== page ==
The Torture Team ,

TNR: In The Torture Team, you focus on a single document, Donald Rumsfeld’s December 2, 2002 approval of extraordinarily aggressive interrogation techniques. You give us the document’s genesis, and the revolt within the Pentagon that led to its being formally withdrawn. But what you show is a process as much as a document, and that process appears to me to be a conscious, studied circumvention of the normal procedure followed by the U.S. military. Do you agree?

Sands: When the administration released the December 2002 and other memos, it told a story that essentially said this: The new interrogation techniques came from the bottom up and had nothing to do with policy decisions driven from the top. I wanted to explore the truth of that account, by trying to talk to as many of the people involved in the decision as I could. I journeyed around America, tracking down the key players--amongst many others, Diane Beaver and Mike Dunlavey at Guantánamo; General Tom Hill at SOUTHCOM; General Dick Myers at Joint Chiefs and his lawyer, Jane Dalton; Doug Feith at the Pentagon; and Jim Haynes at the general counsel’s office. I racked up hundreds of hours of interviews with them, from which emerged a clear account of the process that was actually followed--though, of course, there are many more points of detail still to come out. The pressure for the new techniques came from the top and there was input from the top into the identification of the techniques. In pushing forward the decision-making process normal approval process was circumvented, as General Dick Myers at Joint Chiefs confirmed to me, saying, “This was not the way this should have come about.” Jim Haynes is one of the key players in this story. He was general counsel at the DoD throughout the period, Donald Rumsfeld’s Harvard Law School–trained lawyer who, it turned out, was intimately involved in the key decisions from a far earlier stage than his public accounts suggest. He may not have been the “brains” behind the whole operation--that designation must surely go to David Addington, Vice President Cheney’s lawyer at the time, and Haynes’ mentor. But Haynes was deeply and constantly involved.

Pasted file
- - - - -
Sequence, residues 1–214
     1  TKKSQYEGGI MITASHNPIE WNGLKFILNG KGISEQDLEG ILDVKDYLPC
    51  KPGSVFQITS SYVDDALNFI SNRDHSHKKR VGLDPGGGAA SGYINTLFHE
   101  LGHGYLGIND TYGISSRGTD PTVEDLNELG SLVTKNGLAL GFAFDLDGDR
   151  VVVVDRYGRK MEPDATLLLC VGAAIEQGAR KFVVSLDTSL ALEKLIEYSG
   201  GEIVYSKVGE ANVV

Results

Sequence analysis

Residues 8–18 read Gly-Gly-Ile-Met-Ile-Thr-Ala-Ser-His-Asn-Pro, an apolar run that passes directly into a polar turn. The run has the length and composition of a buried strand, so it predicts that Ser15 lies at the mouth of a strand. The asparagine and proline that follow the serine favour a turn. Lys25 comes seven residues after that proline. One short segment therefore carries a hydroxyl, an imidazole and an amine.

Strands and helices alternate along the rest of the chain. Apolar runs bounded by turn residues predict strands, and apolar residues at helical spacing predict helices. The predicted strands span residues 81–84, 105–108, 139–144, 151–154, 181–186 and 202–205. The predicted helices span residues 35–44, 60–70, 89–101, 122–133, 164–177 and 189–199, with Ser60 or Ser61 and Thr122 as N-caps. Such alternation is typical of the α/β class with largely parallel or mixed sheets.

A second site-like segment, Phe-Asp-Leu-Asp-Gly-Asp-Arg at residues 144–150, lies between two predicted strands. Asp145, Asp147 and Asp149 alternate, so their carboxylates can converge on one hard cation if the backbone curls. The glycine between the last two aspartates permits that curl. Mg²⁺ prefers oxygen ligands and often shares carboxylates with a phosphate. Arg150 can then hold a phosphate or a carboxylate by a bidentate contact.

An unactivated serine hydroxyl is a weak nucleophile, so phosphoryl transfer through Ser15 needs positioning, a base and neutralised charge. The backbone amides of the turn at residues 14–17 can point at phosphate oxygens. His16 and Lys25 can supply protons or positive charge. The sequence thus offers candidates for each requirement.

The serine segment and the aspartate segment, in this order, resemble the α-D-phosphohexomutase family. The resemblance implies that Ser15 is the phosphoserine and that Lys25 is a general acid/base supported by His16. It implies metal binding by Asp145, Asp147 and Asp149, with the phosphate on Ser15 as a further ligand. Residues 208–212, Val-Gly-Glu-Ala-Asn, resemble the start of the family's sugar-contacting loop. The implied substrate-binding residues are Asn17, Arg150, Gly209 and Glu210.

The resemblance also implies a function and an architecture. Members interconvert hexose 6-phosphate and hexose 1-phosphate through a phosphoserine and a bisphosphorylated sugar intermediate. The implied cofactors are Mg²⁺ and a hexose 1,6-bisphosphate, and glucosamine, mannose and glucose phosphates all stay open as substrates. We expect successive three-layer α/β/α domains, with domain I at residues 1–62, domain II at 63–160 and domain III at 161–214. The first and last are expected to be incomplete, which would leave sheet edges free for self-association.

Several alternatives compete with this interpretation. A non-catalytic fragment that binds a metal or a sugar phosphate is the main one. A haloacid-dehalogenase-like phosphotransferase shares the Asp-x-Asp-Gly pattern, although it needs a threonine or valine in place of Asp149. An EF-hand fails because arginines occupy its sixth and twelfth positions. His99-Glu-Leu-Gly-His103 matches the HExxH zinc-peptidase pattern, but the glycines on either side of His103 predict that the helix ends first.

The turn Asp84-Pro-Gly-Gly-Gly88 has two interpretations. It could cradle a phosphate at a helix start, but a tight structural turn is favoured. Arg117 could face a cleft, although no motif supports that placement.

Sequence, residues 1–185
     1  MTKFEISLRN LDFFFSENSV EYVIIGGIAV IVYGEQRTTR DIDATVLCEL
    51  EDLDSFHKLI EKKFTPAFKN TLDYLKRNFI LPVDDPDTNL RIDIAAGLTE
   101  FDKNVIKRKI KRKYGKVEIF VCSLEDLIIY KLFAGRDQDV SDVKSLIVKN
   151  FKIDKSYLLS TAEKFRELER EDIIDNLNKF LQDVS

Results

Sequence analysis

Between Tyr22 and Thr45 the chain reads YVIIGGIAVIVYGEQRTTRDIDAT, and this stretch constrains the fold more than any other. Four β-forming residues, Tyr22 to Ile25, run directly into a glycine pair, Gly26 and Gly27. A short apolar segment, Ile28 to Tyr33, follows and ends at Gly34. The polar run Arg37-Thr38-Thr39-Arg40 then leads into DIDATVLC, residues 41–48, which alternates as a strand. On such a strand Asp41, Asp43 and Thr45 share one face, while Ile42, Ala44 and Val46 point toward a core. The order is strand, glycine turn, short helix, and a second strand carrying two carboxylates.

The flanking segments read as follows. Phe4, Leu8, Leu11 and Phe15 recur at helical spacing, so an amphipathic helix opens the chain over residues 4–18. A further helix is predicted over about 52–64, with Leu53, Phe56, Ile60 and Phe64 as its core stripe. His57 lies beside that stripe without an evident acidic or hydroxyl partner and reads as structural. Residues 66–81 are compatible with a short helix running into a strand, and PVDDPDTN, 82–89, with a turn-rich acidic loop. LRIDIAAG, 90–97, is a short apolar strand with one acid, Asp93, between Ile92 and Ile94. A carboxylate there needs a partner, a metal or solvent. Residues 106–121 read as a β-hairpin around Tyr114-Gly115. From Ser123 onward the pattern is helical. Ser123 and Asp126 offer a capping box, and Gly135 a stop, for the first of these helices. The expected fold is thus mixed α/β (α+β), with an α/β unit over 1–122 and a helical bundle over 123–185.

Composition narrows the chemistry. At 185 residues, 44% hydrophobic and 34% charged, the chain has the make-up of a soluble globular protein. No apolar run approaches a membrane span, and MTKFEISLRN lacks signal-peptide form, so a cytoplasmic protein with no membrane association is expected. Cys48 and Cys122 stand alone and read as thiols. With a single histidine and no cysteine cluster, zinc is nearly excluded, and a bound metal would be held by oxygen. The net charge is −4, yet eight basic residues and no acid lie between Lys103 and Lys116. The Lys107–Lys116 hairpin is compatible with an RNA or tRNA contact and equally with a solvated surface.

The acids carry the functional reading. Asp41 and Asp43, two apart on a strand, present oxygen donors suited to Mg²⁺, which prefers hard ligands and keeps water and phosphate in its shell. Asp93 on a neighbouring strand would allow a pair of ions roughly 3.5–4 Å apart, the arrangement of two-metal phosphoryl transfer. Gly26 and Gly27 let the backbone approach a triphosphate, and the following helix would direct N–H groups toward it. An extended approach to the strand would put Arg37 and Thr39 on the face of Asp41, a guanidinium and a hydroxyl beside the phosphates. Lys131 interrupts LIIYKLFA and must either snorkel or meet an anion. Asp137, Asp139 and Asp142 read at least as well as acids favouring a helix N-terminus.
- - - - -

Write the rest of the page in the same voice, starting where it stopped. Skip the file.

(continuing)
The man likely to go down in the history books as “Rumsfeld’s general” is Richard Myers, who served as chairman of the Joint Chiefs of Staff from 2001-05. You are impressed with his candor, and seem to like him personally, yet you write that he was “well and truly hoodwinked” in connection with the introduction of the torture techniques.

I spoke with General Myers for several hours, and I was grateful to him for meeting with me. He struck me as a man of decency and integrity, but one who was out of his depth on these issues and seemed not to have turned his mind to crucial points of detail. It was painfully clear that he had failed to understand the implications of President Bush’s February 7, 2002, decision on the Geneva Conventions (a decision that removed from all detainees at Guantnanamo the right to invoke any rights under those conventions and which removed constraints on interrogation). It was equally clear that he thought the new techniques of interrogation had come from the U.S. Army Field Manual. In fact, the Field Manual plainly prohibited all the techniques recommended by Haynes on November 27, 2002 and approved by Rumsfeld on December 2, 2002, reflecting President Lincoln’s determination, dating back to 1863, that the U.S. military would never engage in cruelty. These were two of the more surprising--shocking, actually--moments during hundreds of hours of interviews that I conducted. I was astonished that the most senior military man in the U.S., perhaps in the world, could have had so little grasp of the import of what had been decided.

The administration’s narrative has been that a harsh set of interrogation techniques, including waterboarding and stress positions, was introduced in response to demands from interrogators in the field who concluded that what they had didn’t work. How did you reach the conclusion that, in fact, the pressure for the new techniques came from high up in the administration and worked its way down?